George Floyd Death – Murder, Accident or Natural Causes

by Jack

The court of public opinion, famous for getting it wrong, has ruled the death of George Floyd a deliberate homicide by one police officer. That one officer, whether innocent or guilty now seems to represent the entire 700,000 police officers in America.  If I were him, I would at least ask for a raise, doesn’t seem like $62k a year is nearly enough for all that responsibility.  3 other officers were found guilty by association, not sure how they can be charged with a murder, so it must be guilt by association. 

Meanwhile, the media circus continues unabated;  Saint Floyd the Martyr has been laid to rest in his golden coffin, with full honors and accolades befitting the most notable champions of the civil rights cause, like Martin Luther King, Rosa Parks, Malcom X, Congressman William J. Jefferson and the great orator, Sir Rodney King.  

However, there is one little problem.  This case must actually go to trial to determine guilt using evidence.   Dangit!   This is where things get a bit sticky, because pesky facts can get in the way of what otherwise was a slam dunk case using public opinion and hearsay.

A trial court will hear from the Coroner about the actual cause of death.  This is going to be a big hurdle because Floyd’s years of drug and alcohol abuse left him with life threatening heart problems and the stress of resisting arrest could have lead to heart failure.  Yeah, that’s a tough one, but it gets worse for the prosecution.

Ladies and gentlemen of the jury, try this little experiment.  Have someone, preferably someone you trust, who weighs about 65% of your body weight, kneel on the right side of your neck as you lay on your left side.  Go very slowly, we don’t want you to break anything!  Allow the applying of more and more weight to your neck and when it starts to close off your airway, yell stop.   I suggest you continue talking too to see if this action impedes your voice.

What did you learn from this reenactment?

Well, if your anatomy is like most human beings you will note that your windpipe (trachea) is located in the [front] of your throat.  Putting a knee on the right side your neck doesn’t close off your airway (trachea).  That’s like trying to choke someone with only one hand and no fingers, its possible, but its nearly impossible.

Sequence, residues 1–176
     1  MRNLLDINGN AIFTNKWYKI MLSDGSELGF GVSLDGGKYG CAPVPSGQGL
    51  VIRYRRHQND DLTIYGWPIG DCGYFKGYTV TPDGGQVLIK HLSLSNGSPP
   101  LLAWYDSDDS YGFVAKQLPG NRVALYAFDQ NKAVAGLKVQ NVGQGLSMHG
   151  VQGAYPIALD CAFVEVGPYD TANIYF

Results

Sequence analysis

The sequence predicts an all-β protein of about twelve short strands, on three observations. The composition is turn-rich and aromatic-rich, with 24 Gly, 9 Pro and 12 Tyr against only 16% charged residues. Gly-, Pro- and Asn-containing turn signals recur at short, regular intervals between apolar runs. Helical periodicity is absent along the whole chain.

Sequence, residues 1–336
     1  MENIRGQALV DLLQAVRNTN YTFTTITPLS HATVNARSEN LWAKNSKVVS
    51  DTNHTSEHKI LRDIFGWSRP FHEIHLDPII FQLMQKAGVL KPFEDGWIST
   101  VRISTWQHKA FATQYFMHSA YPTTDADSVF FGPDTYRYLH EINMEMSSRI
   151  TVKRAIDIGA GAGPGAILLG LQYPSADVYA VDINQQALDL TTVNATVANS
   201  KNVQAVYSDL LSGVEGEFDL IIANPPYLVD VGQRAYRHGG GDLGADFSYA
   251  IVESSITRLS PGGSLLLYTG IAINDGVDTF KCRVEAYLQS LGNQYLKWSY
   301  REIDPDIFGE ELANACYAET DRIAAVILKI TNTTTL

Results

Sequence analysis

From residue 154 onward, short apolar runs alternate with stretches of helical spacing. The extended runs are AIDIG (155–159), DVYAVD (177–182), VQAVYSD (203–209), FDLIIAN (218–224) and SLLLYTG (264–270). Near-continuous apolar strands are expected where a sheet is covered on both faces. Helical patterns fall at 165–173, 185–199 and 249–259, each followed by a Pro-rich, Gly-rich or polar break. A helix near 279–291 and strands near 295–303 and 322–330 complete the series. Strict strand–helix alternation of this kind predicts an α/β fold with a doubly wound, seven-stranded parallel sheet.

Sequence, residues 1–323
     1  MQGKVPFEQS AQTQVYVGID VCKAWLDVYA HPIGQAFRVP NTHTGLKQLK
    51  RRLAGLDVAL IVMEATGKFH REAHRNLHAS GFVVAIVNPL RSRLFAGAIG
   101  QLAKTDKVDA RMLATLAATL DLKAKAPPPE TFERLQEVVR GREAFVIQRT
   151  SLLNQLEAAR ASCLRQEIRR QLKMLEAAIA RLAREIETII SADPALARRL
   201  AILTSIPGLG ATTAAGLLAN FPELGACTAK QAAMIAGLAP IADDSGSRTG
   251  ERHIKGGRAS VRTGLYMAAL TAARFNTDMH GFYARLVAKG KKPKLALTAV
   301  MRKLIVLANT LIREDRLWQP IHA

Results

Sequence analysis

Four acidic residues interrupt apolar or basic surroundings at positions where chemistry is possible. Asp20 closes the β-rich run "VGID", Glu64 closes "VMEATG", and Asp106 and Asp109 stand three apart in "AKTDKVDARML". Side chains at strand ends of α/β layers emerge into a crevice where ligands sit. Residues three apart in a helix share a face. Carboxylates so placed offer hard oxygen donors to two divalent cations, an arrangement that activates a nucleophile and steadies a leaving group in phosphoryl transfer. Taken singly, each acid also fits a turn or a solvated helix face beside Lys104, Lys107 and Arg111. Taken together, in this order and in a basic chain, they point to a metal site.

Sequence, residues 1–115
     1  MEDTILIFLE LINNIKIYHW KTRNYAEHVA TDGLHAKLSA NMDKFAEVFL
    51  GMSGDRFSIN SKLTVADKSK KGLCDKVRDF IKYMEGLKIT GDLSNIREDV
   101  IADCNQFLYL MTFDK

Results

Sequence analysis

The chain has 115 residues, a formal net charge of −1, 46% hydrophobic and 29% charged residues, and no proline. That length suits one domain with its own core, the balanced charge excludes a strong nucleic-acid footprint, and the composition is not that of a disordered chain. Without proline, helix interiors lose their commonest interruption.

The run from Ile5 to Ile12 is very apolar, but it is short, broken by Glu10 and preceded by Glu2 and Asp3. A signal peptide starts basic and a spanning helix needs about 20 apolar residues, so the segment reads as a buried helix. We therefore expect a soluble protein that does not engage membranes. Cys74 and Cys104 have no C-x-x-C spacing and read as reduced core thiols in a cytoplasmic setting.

Placing a knee across your thyroid cartilage (adams apple) might do it, but that’s not what happened here.  We are talking about a knee on the right side of neck only.

Now I ask you, (remember you are under oath now) is it [possible] to close off the trachea (wind pipe) by placing a knee on the right side of the neck?  The answer is a technical… yes.  But, now I ask you, is it [likely] to cause choking and death?  The answer must be, no.

Now given the condition of George Floyd’s heart and arteries, is it [possible] that he suffered a stress induced heart attack?  The answer must be yes.  Is it [likely] that he suffered a heart attack and that was the proximate cause of death?  Again, the answer must be, yes.   Is it [ highly likely] that he actually died from heart attack cause by his resisting to arrest?  The answer is an unequivocal, yes.  Now lets take a look at the toxiccology report, if it shows illegal drugs in his system, especially meth a medical would have to say drugs amplify underlying medical conditions and the combination of alcohol and drugs, plus bad heart, plus blocked arteries and resisting arrest are far more likely that anything else to be the cause of death.

Experts will tell you that when you choke someone to death, they usually die before you stop choking them.  It’s very rare that a victim of choking will be alive when the ambulance arrives and then die while being transported to hospital.  This is what happens with heart attack victims.

Given the above circumstances, a medical pathologist might even go so far as to say the odds of a heart attack causing death in Mr. Floyd’s case is at least a 100,000 times more likely than a suffocation death caused by a collapsed trachea due specifically to right side pressure on the neck from a knee.  The likelihood of that happening is, as you have all demonstrated, a near impossibility.  Lets be honest, to say that was the cause of death is by no means a certainty.